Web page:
Fig. 4. Maximum output curves for 1 7/8-ips tape.

Significant advances have been made by 3M in the recording media, leading to considerable reduction of the separation loss effects.

Firstly, a tape "lacquer formulation" (die Mischung der magnetischen Beschichtung) has been developed which is relatively soft, giving good head-to-tape contact. Particle rub-off on guides (das sind die Bandführungen) and heads has virtually been eliminated and the consequent amplitude variations considerably reduced at the shortest wavelengths.

In addition, the Laboratories developed a higher-output and lower-noise tape as a result of changes in the magnetic material itself. Previous work has concluded that a reduction of effective particle size results in lower tape noise.

The improvement achieved is shown in Fig. 3, where the weighted noise response for existing tape is compared with the new tape using optimum bias for each. A 4db lower noise level is obtained in the mid-frequency range. Higher over-all output is also obtained from the new material. It is found that the short-wavelength efficiency is particularly improved. One reason for this is that a deliberate attempt was made to reduce the speed of critical fields required for magnetization change in the individual particles.
For acicular particles better control of the size and shape is required and for effectively spherical or cubic particles it is necessary that the acicularity be kept low enough to make the crystal anisotropy dominant in all particles. Figure 4 shows the improvement resulting from recording with the new tape using one of the high-efficiency recording heads compared to that obtained with conventional 1 7/8-ips recording.

Equalization Techniques and Performance of the System

Fig. 5. Recording and playback equalization curves.

The recording equalization adopted for the new 1 7/8-ips record-replay system is shown in Fig. 5. This curve was derived by performing many listening tests on a variety of program material. It is the characteristic which meets the requirement to load the tape optimally at all frequencies without overload danger.

Using this in conjunction with the playback equalization (also shown in Fig. 5) a flat response is obtained from 30 to 15,000 cps at -18 db relative to a level giving 3% distortion at 1.000 cps.

Under these conditions the ratio of the maximum signal level at 1000 cps to the zero-modulation system noise is 54db. The 10,000-cps signal response at this maximum signal level is -12db relative to that at low frequencies.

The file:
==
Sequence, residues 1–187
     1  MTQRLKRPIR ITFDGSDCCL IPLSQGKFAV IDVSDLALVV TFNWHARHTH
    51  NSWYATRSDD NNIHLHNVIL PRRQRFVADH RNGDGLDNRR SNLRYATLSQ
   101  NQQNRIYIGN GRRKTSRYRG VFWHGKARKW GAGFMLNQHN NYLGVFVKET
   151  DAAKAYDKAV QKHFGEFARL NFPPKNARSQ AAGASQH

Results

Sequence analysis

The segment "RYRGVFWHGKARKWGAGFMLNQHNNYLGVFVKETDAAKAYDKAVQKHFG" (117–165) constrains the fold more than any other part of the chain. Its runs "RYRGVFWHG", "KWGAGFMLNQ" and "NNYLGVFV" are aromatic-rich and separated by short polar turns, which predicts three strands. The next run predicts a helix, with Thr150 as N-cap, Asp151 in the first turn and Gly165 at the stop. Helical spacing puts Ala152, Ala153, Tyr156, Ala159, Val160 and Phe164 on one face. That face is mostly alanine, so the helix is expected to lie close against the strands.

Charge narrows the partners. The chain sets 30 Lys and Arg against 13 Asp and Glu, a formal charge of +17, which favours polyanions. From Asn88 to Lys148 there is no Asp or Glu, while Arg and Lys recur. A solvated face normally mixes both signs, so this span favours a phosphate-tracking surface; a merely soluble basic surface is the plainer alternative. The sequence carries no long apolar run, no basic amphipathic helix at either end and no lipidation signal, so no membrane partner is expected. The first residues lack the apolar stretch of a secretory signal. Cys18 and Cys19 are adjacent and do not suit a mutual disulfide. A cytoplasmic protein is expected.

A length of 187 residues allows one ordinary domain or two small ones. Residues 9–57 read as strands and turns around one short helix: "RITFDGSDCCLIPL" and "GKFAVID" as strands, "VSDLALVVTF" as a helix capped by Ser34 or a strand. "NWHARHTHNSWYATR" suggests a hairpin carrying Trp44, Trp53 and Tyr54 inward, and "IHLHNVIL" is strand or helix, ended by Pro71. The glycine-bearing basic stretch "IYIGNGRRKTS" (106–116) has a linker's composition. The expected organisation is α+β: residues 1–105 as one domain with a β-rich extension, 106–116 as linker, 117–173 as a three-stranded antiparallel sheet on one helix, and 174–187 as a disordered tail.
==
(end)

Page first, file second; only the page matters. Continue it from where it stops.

Typical equivalent signal-to-noise ratio for professional 7 1/2-ips half-track systems is 54db with a correresponding 10,000-cps signal response at -6db. Thus the new system with its own recording and playback characteristics approaches the 7.5-ips performance available today and has been found to be entirely adequate for all types of musical programs.

Mechanical Design Problems and Solutions

One of the central problems in recorded tape systems is the design of the tape packaging. Obviously, it is necessary to satisfy requirements of convenience as well as to provide adequate protection for the tape. Naturally high-quality performance with respect to music reproduction is a prerequisite.

In order to popularize recorded tape, it is essential to eliminate the process of manual threading between the reels.

This requirement is dictated by the need for avoiding manual threading and also by the requirement to make the cartridge compatible with a practical automatic changer mechanism.

Erste Idee einer Kassette mit 2 Spulen

On first examination the notion (die Idee) of threading the tape permanently between two side-by-side reels contained in the cartridge is attractive. However, every practical design incorporating both the supply and take-up reels in the cartridge requires that sections of the tape be exposed through openings in the cartridge walls with consequent dangers of damage.

Even in a single cartridge player there are many difficulties involved in coupling the tape of a dual-reel cartridge to the drive system and the heads, but when the design of an automated changer is considered, these problems increase rapidly in number and magnitude.